Turquoise tanager

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Turquoise tanager
Saíra-de-bando.jpg
Scientific classification edit
Kingdom: Animalia
Phylum: Chordata
Class: Aves
Order: Passeriformes
Family: Thraupidae
Genus: Tangara
Species:
T. mexicana
Binomial name
Tangara mexicana
(Linnaeus, 1766)
Synonyms

Tanagra mexicana Linnaeus, 1766

The turquoise tanager (Tangara mexicana) is a medium-sized passerine bird in the tanager family Thraupidae. It is a resident bird from Trinidad, Colombia and Venezuela south to Bolivia and much of Brazil (despite its scientific name, it is not found in Mexico). It is restricted to areas with humid forest, with its primary distribution being the Amazon, while a disjunct population occurs in the Atlantic Forest of eastern Brazil. The latter population is sometimes considered a separate species, the white-bellied tanager (Tangara brasiliensis) .

It occurs in forest, woodland and cultivation. The bulky cup nest is built in a tree or shrub, and the female incubates three brown-blotched grey-green eggs.

These are social birds usually found in groups. They eat a wide variety of fruit and also take insects, often gleaned from twigs.

Taxonomy[edit]

The turquoise tanager was formally described in 1766 by the Swedish naturalist Carl Linnaeus in the 12th edition of his Systema Naturae under the binomial name Tanagra mexicana.[2] His description was principally based on Mathurin Jacques Brisson's Le tangara blue de Cayenne that he had described and illustrated in 1760.[3] The type locality is Cayenne in French Guiana.[4] The turquoise tanager is now placed in the genus Tangara that was introduced by Brisson.[5][6]

Five subspecies are recognised:[6]

  • T. m. vieilloti (Sclater, PL, 1857) – Trinidad
  • T. m. media (Berlepsch & Hartert, 1902) – east Colombia and Venezuela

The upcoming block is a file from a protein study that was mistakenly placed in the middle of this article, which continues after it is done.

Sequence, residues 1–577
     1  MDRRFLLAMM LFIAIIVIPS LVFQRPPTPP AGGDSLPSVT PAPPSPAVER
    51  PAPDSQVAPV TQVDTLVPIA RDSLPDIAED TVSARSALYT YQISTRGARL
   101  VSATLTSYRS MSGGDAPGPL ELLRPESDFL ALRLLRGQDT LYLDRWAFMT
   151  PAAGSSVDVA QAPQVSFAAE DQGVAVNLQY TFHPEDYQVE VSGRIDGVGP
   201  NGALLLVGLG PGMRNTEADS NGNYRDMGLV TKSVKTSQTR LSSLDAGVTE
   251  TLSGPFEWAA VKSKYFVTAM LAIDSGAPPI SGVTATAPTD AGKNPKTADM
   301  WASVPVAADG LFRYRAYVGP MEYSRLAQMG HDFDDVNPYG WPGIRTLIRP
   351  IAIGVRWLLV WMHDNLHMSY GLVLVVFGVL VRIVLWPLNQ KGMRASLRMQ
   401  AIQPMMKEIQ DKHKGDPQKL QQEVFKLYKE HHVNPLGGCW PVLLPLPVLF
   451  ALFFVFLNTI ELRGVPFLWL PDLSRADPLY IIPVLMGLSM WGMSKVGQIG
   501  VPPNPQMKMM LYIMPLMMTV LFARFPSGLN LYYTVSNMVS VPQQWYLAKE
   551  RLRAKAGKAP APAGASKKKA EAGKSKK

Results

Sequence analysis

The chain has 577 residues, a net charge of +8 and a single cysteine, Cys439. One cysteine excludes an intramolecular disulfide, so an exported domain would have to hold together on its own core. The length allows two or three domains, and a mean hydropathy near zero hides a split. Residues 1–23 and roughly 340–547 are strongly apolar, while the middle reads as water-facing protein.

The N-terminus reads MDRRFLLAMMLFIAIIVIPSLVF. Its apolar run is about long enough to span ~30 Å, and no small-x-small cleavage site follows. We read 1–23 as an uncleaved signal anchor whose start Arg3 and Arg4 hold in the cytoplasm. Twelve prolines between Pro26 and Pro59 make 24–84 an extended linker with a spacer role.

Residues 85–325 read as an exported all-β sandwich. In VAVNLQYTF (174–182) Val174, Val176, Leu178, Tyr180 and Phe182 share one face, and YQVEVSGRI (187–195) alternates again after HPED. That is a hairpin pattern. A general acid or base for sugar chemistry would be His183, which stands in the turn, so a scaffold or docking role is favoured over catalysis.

• T. m. mexicana (Linnaeus, 1766) – the Guianas to central Brazil
  • T. m. boliviana (Bonaparte, 1851) – southeast Colombia to east Ecuador, east Peru, west Brazil and north Bolivia
  • T. m. brasiliensis (Linnaeus, 1766) – southeast Brazil

Description[edit]

Adult turquoise tanagers are 14 cm long and weigh 20 g. They are long-tailed and with a dark stout pointed bill. The adult is mainly dark blue and black, with turquoise edging to the primaries. Most races have yellow lower underparts, but this is paler, more cream in the nominate subspecies found in north-eastern South America. The Trinidadian race, T. m. vieiloti, has a darker blue head and breast and more vividly yellow underparts than the mainland taxa, but this difference is only obvious compared to the nominate and brasiliensis. The taxon brasiliensis differs conspicuously from all other races, it being larger, having an overall duller blue plumage, blue edging to the primaries and a white belly. Their song is a fast squeaky chatter tic-tic-tic-tic-tic.

Gallery[edit]

References[edit]

  1. ^ BirdLife International (2017). "Tangara mexicana (amended version of 2016 assessment)". IUCN Red List of Threatened Species. 2017: e.T103849376A119556880. Retrieved 9 April 2021.
  2. ^ Linnaeus, Carl (1766). Systema naturae : per regna tria natura, secundum classes, ordines, genera, species, cum characteribus, differentiis, synonymis, locis (in Latin). Volume 1, Part 1 (12th ed.). Holmiae (Stockholm): Laurentii Salvii. p. 315. |volume= has extra text (help)
  3. ^ Brisson, Mathurin Jacques (1760). Ornithologie, ou, Méthode Contenant la Division des Oiseaux en Ordres, Sections, Genres, Especes & leurs Variétés (in French and Latin). Volume 3. Paris: Jean-Baptiste Bauche. p. 6, Plate 1 fig. 3. |volume= has extra text (help)
  4. ^ Paynter, Raymond A. Jr, ed. (1970). Check-List of Birds of the World. Volume 13. Cambridge, Massachusetts: Museum of Comparative Zoology. p. 361. |volume= has extra text (help)
  5. ^ Brisson, Mathurin Jacques (1760). Ornithologie, ou, Méthode Contenant la Division des Oiseaux en Ordres, Sections, Genres, Especes & leurs Variétés (in French and Latin). Paris: Jean-Baptiste Bauche. Vol. 1 p. 36 and Vol. 3 p. 3.
  6. ^ a b Gill, Frank; Donsker, David; Rasmussen, Pamela, eds. (July 2020). "Tanagers and allies". IOC World Bird List Version 10.2. International Ornithologists' Union. Retrieved 17 October 2020.

External links[edit]